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A Newborn Presenting With Bilious Vomiting: A Case Report Of A Jejunal Atresia

  • Open or Close Joo Y Cho1* and Valerie Plant2

    1Department of Radiology, Children’s Hospital of Richmond, USA

    2Department of Surgery, Virginia Commonwealth University Medical Center, USA

    *Corresponding author: Joo Y. Cho, MD, Department of Radiology, Children’s Hospital of Richmond, 1200 East Broad Street, West Hospital, Richmond, Virginia 23298-0615, USA

Submission: September 26, 2017; Published: December 07, 2017

DOI: 10.31031/AICS.2017.01.000502

ISSN 2639-0531
Volume1 Issue1


Jejunal atresia is a relatively rare cause of proximal small bowel obstruction with incidence of 1-3 per 10,000 live births.The condition is caused by in utero vascular insult, and it occurs more commonly in the proximal jejunum. These patients present with abdominal distention and bilious emesis. Workup usually starts with an abdominal radiograph, which will show dilated stomach and proximal bowel loops. An UGI is performed to exclude midgut volvulus and determine a more precise location of obstruction. Once the diagnosis is made, definitive treatment is surgical resection of the atretic segment and primary anastomosis. Malrotation with midgut volvulus is an important differential diagnosis to exclude, which is a surgical emergency.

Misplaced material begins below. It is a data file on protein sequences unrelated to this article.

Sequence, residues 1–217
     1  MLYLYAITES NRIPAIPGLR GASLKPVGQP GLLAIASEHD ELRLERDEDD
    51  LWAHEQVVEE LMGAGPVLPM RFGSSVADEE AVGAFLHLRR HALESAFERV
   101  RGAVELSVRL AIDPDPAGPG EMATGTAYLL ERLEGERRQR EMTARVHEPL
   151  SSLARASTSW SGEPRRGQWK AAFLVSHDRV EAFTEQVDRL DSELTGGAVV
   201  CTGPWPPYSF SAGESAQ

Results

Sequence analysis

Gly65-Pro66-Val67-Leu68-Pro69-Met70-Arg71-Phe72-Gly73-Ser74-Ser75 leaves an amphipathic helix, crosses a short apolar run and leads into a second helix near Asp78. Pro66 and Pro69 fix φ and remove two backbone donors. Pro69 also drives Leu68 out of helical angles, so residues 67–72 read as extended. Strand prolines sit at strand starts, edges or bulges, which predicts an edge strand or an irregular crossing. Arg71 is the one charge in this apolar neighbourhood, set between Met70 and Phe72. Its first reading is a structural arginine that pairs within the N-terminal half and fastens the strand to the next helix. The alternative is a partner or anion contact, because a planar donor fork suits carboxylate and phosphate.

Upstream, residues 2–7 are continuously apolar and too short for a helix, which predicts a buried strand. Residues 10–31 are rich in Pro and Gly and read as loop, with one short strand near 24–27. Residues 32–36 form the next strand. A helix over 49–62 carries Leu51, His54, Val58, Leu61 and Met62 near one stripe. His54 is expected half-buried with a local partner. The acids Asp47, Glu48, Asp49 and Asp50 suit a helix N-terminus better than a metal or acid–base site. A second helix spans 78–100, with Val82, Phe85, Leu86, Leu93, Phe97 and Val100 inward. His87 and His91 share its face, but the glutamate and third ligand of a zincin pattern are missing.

Keywords: Jejunal atresia; Duodenojejunal junction; Midgut volvulus; In utero vascular insult

Abbreviations: UGI: Upper Gastrointestinal; DJJ: Duodenojejunal Junction; APGAR: Appearance, Pulse, Grimace, Activity, and Respiration

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